Small Happiness

TV Review: One Village In China
by John J. O'Connor

The New York Times
August 25, 1987

"One Village in China," a three-part series getting under way on public television, can claim an unusual and invaluable asset. At least two of the producers in the Long Bow Group, which produced the program, can speak Chinese, and they clearly know their subject. Carma Hinton, who introduces the programs, is an American born in Beijing in 1949. She spent her first 21 years in China. Richard Gordon, a photographer and cinematographer, has made seven trips to that country since 1975, and has worked in villages and in a Shanghai factory.

The series shows us the village of Long Bow, some 400 miles southwest of Beijing. About 20 percent of the population of 2,000 is Roman Catholic, which might account for the Maryknoll Fathers and Brothers and the Catholic Communication Campaign being included in the long list of underwriters for the series. In any event, the Long Bow Group, which also includes Kathy Kline and Dan Sipe, was able to get many of the villagers to relax and to be relatively candid before the camera. Ms. Hinton carefully explains that no one village can represent all of China. One point underscored: although rural Chinese society has undergone tremendous changes during the past few decades, traditional attitudes continue to shape the life of the small village.

Tonight's hourlong essay is entitled "Small Happiness." In it, a Long Bow grandfather laughingly explains: "To give birth to a boy is considered a big happiness. To give birth to a girl is a small happiness. A boy will remain in the household, while a girl will be married off." When a woman is said to be childless it often means only that she hasn't produced a male child. The pattern of male dominance in Chinese society is longstanding and evidently stubborn. But "Small Happiness," with its interviews of both young and old women, finds that there have nevertheless been significant changes in the role of women.

One young woman, a graduate from high school, recalls how she and a fellow student defied their parents by marrying for love and not by family or matchmaker arrangement. Fortunately, she also found a sympathetic mother-in-law. In the past, in what is now referred to as "feudal" times, a woman's marriage was called "entering a mother-in-law's house," where the new bride was little more than a servant. Liberation arrived, to a degree, following the Revolution of 1949. Increasingly, women have a say in choosing their husbands, and may even initiate divorce proceedings. One elderly woman snappishly observes that "nowadays when you get a new daughter-in-law, you have to put her on a pedestal."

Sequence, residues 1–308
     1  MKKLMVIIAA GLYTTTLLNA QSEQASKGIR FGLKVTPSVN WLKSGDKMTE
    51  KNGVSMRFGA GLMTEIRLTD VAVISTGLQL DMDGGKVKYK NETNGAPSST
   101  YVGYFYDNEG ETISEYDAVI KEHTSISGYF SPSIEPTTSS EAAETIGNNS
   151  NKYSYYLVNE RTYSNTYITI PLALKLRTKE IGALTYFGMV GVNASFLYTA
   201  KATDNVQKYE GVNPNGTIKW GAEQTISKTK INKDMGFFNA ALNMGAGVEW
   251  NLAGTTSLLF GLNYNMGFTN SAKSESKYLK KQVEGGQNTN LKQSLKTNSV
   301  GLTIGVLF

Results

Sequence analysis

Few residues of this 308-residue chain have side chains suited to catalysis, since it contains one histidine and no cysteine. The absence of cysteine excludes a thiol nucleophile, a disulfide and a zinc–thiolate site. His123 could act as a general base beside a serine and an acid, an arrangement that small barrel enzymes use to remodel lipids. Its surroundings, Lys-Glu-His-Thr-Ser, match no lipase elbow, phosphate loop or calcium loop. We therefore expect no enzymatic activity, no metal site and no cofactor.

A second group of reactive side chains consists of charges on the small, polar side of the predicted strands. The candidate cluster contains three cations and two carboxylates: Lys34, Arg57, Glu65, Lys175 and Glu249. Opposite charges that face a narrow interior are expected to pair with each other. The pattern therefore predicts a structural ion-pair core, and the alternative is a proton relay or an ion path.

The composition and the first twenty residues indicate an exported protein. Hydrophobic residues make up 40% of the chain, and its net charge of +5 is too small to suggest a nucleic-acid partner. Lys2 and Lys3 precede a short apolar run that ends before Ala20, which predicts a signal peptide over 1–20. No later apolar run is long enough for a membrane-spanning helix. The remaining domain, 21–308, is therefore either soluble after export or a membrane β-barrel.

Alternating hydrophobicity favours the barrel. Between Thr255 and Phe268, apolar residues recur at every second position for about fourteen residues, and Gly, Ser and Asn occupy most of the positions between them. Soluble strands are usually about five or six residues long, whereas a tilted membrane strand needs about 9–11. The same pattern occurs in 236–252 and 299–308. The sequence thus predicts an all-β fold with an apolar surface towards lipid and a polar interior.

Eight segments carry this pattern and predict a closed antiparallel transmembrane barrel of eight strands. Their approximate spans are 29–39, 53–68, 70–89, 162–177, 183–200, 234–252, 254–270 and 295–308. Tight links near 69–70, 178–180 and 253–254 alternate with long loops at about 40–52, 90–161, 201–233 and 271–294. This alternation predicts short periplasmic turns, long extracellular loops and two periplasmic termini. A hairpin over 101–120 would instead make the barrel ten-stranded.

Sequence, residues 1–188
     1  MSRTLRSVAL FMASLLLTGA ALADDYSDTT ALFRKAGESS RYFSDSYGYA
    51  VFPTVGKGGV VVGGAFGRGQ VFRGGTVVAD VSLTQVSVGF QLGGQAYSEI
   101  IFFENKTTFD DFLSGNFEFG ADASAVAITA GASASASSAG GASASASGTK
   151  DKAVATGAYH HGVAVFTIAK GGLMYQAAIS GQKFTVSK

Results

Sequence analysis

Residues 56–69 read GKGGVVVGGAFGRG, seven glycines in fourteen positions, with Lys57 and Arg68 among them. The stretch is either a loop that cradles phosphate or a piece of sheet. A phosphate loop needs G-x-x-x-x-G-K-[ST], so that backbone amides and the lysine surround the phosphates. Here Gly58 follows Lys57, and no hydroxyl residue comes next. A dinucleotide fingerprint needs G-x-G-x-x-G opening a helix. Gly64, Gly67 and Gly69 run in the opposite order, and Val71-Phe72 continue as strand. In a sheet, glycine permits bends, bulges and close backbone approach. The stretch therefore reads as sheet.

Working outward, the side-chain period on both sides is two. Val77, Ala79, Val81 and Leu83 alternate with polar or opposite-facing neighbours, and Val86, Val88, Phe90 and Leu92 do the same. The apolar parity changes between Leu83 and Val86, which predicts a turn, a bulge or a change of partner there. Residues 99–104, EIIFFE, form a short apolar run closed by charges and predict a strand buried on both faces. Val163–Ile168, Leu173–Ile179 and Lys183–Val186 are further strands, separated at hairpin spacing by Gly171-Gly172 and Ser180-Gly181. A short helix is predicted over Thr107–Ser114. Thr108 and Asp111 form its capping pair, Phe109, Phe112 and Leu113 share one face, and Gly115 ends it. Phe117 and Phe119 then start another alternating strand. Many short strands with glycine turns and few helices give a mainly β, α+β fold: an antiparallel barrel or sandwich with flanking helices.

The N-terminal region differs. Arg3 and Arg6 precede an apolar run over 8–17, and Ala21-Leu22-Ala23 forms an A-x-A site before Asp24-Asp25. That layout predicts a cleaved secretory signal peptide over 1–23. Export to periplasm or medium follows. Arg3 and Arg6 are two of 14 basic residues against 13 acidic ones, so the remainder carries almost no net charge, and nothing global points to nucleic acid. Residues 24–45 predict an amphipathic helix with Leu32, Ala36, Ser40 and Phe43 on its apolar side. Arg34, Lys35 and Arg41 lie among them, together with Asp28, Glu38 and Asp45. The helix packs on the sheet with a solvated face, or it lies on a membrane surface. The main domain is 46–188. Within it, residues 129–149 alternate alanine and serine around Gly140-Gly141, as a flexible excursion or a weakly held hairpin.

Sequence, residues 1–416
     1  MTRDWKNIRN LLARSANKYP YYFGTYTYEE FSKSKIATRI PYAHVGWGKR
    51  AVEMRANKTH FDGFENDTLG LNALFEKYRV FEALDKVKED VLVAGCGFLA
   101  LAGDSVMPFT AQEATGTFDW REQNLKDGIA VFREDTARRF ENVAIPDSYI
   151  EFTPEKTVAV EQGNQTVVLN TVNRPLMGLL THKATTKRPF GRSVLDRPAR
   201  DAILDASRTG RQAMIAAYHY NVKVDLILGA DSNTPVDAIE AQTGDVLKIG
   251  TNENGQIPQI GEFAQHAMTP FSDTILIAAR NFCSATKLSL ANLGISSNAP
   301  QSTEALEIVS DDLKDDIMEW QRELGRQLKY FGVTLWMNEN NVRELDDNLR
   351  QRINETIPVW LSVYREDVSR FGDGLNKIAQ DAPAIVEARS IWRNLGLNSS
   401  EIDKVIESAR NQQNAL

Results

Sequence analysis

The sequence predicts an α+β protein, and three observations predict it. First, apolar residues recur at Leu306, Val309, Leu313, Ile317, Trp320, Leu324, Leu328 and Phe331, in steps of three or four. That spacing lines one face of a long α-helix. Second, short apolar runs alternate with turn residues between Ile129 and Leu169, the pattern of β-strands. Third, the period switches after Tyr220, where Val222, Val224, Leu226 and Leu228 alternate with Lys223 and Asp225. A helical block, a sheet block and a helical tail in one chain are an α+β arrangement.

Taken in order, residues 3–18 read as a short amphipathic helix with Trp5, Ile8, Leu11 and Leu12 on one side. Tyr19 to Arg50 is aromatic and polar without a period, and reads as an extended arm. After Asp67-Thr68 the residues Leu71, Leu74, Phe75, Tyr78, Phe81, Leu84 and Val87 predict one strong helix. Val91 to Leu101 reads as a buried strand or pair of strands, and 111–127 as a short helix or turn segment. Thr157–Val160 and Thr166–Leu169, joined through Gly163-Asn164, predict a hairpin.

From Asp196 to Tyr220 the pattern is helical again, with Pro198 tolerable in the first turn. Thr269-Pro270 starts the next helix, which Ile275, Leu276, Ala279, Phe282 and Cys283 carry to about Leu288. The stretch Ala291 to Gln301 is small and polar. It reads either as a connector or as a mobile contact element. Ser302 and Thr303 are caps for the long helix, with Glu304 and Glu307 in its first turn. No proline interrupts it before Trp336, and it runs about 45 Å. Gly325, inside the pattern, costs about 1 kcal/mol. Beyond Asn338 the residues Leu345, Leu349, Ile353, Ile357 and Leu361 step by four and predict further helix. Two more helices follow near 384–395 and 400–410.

Women are also working more, and at jobs formerly reserved for men. The men, perhaps not surprisingly, are not uniformly happy about these changes, and tend to be adamantly against suggestions about equal pay. One segment of the program recounts how a group of women, fighting for better working conditions, shut down a local factory that specialized in polishing saw blades. The manager concedes that he had been lying to the women about possible concessions but adds bitterly that "they are so narrow-minded and petty." In any event, the dismissed women were eventually rehired, their demands reluctantly met.

Clearly absorbed with its subject, "One Village in China" tends to run on a bit too long. The same points are repeated several times. But the insights are fascinating, and many of the people being interviewed are delightful. Several of the older women are wonderfully feisty, even as they describe the outlawed but persistent practice of foot-binding to make their feet smaller. Big feet on a woman were considered a cause for shame. The binding caused terrible sores. In some instances, the feet turned into what one woman called a "slushy mess." Why were they willing to do it? "How could we not be willing?," an elder retorts. There is a remarkable sense of uncluttered authenticity here.


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